……….Maturity: of sin, because they do not believe in Me;
……….(the OT Martyrs – Trumpets)

The martyrs under the Incense Altar are told to wait until a New Covenant contingent (murdered Apostles and Prophets) are slaughtered and will join them. The testimony of two witnesses was required to condemn the harlot.)

…..Conquest: of righteousness, because I go to My Father
…..and you see Me no more;
 (the Land-quake – Atonement)

Perhaps a reference to Christ’s approach to the Father as High Priest. When the Temple veil was torn at the crucifixion, rocks were also split. The sixth seal shakes the Promised Land. Zechariah saw it broken into two mountains, Ebal and Gerizim, so the martyred saints could pass-through. The writer of Hebrews warned that heaven would also be shaken. The usurper of Adam’s throne would finally be cast down. Blood and sackcloth reference the sacrificial goats.

Glorification: of judgment, because the ruler
of this world is judged.
(fire from the Altar – Tabernacles/Shekinah)

This is interesting. The object of the judgment is Satan, but the literary structure points more to the One doing the judging: Christ as Solomon enthroned on ivory. The Spirit given at Pentecost is seen as fire taken from the Altar in heaven and thrown down upon the Land. This is exactly the context of Jesus’ words in John 16. And, in support of this, as we continue reading John 16, this judgment seems to become the Pentecostal Testing at the centre of the chapter. The first fulfilment of this was the death of Herod on his throne, riddled with maggots like old manna.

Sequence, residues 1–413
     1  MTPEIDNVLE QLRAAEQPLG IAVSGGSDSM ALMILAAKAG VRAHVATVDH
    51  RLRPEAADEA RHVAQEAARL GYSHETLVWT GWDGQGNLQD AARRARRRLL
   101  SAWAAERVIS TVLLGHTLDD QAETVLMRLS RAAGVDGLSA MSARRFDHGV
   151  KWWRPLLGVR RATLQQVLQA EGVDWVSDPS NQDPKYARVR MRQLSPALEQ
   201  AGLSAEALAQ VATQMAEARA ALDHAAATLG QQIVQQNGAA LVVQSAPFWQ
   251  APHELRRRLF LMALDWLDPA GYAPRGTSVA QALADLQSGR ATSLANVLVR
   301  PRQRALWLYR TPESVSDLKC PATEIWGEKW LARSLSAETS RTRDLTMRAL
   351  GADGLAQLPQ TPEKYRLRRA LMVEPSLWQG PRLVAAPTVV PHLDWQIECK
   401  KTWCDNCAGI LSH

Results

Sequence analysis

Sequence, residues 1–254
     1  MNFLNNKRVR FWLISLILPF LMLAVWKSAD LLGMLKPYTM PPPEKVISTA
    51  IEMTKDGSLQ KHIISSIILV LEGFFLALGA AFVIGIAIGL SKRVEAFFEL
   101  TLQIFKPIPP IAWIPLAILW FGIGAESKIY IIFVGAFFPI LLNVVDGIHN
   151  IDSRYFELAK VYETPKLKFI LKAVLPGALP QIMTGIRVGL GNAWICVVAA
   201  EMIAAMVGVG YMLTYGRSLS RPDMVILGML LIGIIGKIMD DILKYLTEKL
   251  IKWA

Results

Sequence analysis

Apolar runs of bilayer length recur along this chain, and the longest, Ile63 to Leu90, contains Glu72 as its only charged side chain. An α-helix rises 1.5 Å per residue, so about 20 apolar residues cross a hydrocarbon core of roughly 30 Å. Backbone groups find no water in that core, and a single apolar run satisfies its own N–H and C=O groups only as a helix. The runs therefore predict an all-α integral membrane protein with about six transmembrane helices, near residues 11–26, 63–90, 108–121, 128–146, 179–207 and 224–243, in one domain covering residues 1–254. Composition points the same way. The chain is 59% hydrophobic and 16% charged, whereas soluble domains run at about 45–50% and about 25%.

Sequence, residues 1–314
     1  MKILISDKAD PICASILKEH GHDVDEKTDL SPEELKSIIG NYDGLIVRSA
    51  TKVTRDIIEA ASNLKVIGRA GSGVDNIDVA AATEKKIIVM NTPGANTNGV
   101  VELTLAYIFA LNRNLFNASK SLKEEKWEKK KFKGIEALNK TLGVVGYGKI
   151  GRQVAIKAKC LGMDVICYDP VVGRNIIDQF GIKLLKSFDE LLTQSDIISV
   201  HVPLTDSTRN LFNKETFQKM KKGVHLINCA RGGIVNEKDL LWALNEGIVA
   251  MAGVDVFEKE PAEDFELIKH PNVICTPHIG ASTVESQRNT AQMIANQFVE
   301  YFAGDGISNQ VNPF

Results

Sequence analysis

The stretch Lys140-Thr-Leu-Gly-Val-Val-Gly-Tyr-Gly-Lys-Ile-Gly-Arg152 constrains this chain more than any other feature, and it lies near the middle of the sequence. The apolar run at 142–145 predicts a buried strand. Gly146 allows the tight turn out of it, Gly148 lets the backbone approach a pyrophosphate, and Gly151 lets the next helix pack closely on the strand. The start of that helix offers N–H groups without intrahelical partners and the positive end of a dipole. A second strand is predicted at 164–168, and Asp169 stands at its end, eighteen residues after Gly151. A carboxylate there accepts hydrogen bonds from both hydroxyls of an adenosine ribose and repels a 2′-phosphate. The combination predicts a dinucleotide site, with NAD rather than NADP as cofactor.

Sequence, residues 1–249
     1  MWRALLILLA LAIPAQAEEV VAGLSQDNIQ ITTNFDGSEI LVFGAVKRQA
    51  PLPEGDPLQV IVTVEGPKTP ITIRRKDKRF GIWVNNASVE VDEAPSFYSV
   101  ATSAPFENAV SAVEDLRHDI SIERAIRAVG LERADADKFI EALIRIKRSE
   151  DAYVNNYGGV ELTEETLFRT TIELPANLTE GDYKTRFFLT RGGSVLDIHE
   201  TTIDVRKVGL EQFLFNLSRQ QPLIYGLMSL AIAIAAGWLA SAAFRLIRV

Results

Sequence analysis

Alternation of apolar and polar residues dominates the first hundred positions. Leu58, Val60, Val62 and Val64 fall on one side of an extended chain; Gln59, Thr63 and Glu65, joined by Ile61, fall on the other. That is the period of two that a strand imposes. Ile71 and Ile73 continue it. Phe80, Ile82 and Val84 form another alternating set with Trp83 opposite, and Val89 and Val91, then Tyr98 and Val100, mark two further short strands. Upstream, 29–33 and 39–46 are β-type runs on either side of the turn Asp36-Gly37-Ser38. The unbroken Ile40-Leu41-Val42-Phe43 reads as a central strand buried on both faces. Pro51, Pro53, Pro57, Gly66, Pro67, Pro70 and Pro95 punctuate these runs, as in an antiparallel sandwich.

(Not only do these verses in John have 1-2-3-4-2-3-4 pattern (the more obvious structure), they also follow the matrix’s 1-2-3-4-3-2-1.)

These Spirit horsemen were the first century Apostolic witness. That’s interpretation. In application, we see the white horse again, followed by many white horses (the saints), as they pass-through the corpse of Herodian Judah. That began the church age (ie head-gospel “seals” became head-and-body-gospel). The gospel still has the same effect wherever it goes. Yes, it is the gospel of peace. But it is the kind of peace ushered in by Solomon through purging out the old leaven, ie. exterminating the enemies of his father, binding the evil one first, and then judging those who refuse to be freed. That is the far side of the two-edged blade that we peace-donkeys rarely present. [4]


[1] See Talking Animals for more on this. Donkeys also represented faithful Gentiles, like Ishmael. Typologically, when the Herodian worship became the curse of the Balaamite “false prophet,” causing a new “adulterous generation” of Israel, and unable to hear the Word of the Angel of the Lord (Christ), the Spirit of Pentecost started speaking to the Jewish leaders through faithful Gentiles!
[2] See Spirit Horses.
[3] See Saved From the Green Horse.
[4] See the same process presented as a harvest in Right as Rain.